Ageh Bharti shares vignettes about Nisha, Osho’s youngest sister.
Nisha once told me that if Osho wouldn’t be out touring throughout India, he would certainly visit Gadarwara on two occasions – one, during Deepavali, and the other, for Rakhi. On Deepavali earthen lamps are lit and children set off fire crackers with loud noise and in various colours. She said, “Osho would join and encourage us to be fearless while shooting the fire crackers!”
On Rakhi day, sisters tie thread on their brothers’ wrist and in exchange, brothers give gifts to their sisters. Nisha said, “Usually on Rakhi day Osho would sit in his uncle’s fabric store and call all of us to tie the thread. Osho’s brother, Niklank, who is older than I, would stand behind Osho and hint at us not to tie the thread too strongly, because after this ceremony Osho would call Niklank to remove the threads. If they were tied more loosely, then it would be easier for him to remove them.”
On another occasion when Osho visited Gadarwara he asked her, “What are you studying?” She replied that she had taken admission in College for a BA first year. When Osho inquired to which college she had applied, Nisha answered, “Girls Collage.” Osho then told Nisha to go to a co-education college if she indeed had to study. Nisha told Dada-ji (her father) about it and her name was withdrawn from the Girls College and admission was sought in a co-education college.
When I asked Nisha what her experience in that college was, she told me that there were a total of seven girls including her in the entire college and only two in her class. “We both would sit near the gate so that when period was over we would rush out of the class, otherwise the boys would intentionally dash with us!”
In the second half of seventies, Osho’s ashram in Poona was at its climax in every respect. Thousands of sannyasins could be seen in their swaying saffron robes, hundreds were participating in various meditations and several therapy groups. Not only the ashram but the entire Koregaon Park area was flooded with divine energy. The most beautiful event in those days would be the ‘evening darshan’. After one had an appointment for a certain evening, one had to come to Lao Tzu gate well prepared – i.e. after taking a shower, wearing fresh under and outer garments, and one also had to undergo a strict sniffer test. Two female sannyasins would stand outside the Lao Tzu Gate opposite each other to check for any smell – especially the hair and the sides as it was well-known that Osho was allergic against smells of any kind. When any smell was detected, the person wouldn’t be allowed inside.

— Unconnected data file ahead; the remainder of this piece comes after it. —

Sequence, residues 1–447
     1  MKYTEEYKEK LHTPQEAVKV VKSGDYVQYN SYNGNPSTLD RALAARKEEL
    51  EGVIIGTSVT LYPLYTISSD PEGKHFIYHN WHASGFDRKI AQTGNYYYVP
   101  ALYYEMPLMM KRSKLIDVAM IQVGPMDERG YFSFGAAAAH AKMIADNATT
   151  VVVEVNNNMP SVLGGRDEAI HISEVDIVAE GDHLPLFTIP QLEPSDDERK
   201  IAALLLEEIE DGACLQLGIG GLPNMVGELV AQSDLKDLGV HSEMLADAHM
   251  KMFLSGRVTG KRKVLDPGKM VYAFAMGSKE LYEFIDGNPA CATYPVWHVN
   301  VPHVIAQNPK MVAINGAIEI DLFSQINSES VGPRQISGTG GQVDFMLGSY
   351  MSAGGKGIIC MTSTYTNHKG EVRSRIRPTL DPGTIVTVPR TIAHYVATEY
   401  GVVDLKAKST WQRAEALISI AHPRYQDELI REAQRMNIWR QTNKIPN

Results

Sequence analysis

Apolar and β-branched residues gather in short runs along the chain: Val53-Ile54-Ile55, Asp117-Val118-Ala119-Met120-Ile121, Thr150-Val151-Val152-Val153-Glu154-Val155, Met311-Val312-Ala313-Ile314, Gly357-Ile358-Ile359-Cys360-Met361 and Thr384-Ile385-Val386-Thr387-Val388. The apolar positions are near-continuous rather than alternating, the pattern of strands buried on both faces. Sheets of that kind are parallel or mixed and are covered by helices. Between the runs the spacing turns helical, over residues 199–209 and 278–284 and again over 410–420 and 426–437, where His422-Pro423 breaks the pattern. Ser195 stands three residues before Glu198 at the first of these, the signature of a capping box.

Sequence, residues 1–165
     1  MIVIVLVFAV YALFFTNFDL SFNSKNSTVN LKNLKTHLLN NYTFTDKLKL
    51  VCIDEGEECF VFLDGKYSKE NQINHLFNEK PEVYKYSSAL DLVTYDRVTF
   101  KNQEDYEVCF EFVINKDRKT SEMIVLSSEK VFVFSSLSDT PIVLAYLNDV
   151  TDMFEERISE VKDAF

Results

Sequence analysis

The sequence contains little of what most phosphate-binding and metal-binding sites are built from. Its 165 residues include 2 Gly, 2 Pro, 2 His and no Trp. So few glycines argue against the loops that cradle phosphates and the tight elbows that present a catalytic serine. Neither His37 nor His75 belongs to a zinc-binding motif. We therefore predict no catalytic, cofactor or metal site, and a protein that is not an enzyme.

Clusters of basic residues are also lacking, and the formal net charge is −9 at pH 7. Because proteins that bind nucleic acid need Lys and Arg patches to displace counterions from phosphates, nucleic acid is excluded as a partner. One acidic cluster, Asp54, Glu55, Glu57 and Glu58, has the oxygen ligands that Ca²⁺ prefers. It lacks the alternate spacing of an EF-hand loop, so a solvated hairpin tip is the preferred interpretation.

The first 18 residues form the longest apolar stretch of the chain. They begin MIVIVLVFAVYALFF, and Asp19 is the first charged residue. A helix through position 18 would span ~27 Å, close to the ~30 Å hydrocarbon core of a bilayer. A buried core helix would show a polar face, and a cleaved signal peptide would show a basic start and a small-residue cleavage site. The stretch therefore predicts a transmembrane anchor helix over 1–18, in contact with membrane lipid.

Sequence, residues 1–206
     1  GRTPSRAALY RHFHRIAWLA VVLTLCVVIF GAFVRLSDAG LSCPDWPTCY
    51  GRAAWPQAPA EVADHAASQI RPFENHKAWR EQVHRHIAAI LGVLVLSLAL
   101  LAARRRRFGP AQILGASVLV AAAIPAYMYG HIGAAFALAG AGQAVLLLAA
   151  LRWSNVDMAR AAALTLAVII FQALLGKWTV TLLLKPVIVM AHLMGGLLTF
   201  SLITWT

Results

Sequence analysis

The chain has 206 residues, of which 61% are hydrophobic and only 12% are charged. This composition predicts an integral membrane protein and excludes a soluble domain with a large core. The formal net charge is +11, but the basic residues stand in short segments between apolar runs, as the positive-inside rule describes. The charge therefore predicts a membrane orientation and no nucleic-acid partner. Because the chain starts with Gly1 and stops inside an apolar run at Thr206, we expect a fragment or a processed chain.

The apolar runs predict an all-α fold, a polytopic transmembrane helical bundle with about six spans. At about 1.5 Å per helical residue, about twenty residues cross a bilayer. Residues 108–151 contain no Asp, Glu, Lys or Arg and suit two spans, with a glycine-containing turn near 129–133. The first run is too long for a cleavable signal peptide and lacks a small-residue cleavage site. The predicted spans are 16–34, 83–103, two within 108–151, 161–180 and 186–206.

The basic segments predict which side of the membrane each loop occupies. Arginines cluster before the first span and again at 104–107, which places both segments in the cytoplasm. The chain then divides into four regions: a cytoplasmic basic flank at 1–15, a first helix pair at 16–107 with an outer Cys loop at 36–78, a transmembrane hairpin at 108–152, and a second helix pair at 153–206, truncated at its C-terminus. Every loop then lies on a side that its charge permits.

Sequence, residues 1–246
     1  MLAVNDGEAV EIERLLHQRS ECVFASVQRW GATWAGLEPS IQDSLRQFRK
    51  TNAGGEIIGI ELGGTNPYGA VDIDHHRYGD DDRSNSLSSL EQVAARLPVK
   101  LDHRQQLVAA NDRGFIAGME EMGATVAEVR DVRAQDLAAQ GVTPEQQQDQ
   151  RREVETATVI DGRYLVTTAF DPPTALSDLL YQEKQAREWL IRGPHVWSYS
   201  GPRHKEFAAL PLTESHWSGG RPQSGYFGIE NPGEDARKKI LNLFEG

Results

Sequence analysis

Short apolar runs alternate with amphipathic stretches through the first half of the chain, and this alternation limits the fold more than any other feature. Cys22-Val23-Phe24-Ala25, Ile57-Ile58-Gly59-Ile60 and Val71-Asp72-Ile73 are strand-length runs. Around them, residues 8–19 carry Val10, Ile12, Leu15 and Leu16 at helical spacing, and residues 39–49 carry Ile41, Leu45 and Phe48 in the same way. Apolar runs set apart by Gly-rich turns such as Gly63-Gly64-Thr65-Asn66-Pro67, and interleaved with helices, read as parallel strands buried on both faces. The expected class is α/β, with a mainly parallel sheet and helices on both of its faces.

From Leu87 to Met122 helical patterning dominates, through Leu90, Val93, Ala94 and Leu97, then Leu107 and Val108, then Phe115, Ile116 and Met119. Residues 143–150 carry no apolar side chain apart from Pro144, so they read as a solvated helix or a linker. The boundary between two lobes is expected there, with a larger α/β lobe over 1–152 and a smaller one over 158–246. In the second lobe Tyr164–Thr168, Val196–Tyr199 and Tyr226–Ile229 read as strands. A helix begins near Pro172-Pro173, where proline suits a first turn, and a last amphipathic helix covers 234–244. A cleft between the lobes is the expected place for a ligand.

After these checks sannyasins would enter Lao Tzu gate and take a seat on the benches provided. During the short time of waiting a feeling of tremendous serenity and indescribable silence settled with a hush. Upon some kind of signal, a sannyasin would indicate for all to move slowly on the narrow stone path to Chuang Tzu Auditorium where Osho would appear shortly.
At the time were two kinds of darshan, one, speaking, the other, sitting silently. For the speaking darshan his/her name would be called softly and the person would go and sit in front of Osho. The master generally welcomed them with a chuckle and asked if the person wanted to say something? If yes, he would answer their questions.
For one such evening darshan, Nisha had asked to speak with Osho. Women in India mostly wear a sari for the lower part of the body and a blouse for the upper part. As it happened, it was ‘Rakhi day’ when sisters tie a thread around the right wrist of her brothers. Nisha succeeded to pass through all checks with a thread hidden under her blouse because nothing was allowed to be taken into the auditorium. When her name was called she went upfront and bowed down on the ground in front of Osho.
After sitting down she took out the hidden thread and wanted to wrap and tie it around Osho’s wrist. Laxmi asked her not to do it. The guard made frantic hand gestures not to do it. Meanwhile Osho smiled and asked them not to prevent her and reached out his arm and Nisha, though trembling out of love and reverence, contentedly tied the thread loosely around Osho’s wrist.
Then Osho asked, “What do you want?” Nisha hadn’t gone to take sannyas otherwise she would have been dressed in orange clothes but in that moment she said, “Sannyas.” Osho asked her to wait and to first let her family members (husband and his parents) be ready for it otherwise she would be in trouble. But Nisha said, “I want sannyas. There will be no trouble.”
At this, Osho looked at Laxmi who passed a mala on to Osho who put it around Nisha’s neck.
When Nisha related the evening’s event to Mata-ji, she gave her several orange-colored saris to wear…
Swami Ageh Bharti was born in 1934 in Bhurha, Uttar Pradesh, India. After a mysterious experience in 1966 that changed his life, he met Osho in 1967 in Jabalpur and lived from then on in close proximity to him; he was initiated into sannyas in 1971 and Osho declared him one of the enlightened ones in Rajneeshpuram. He is the author of 18 books about Osho in Hindi, and 2 in English. He lives in Satna, Madhya Pradesh, with his beloved wife, Ma Yoga Sambodhi.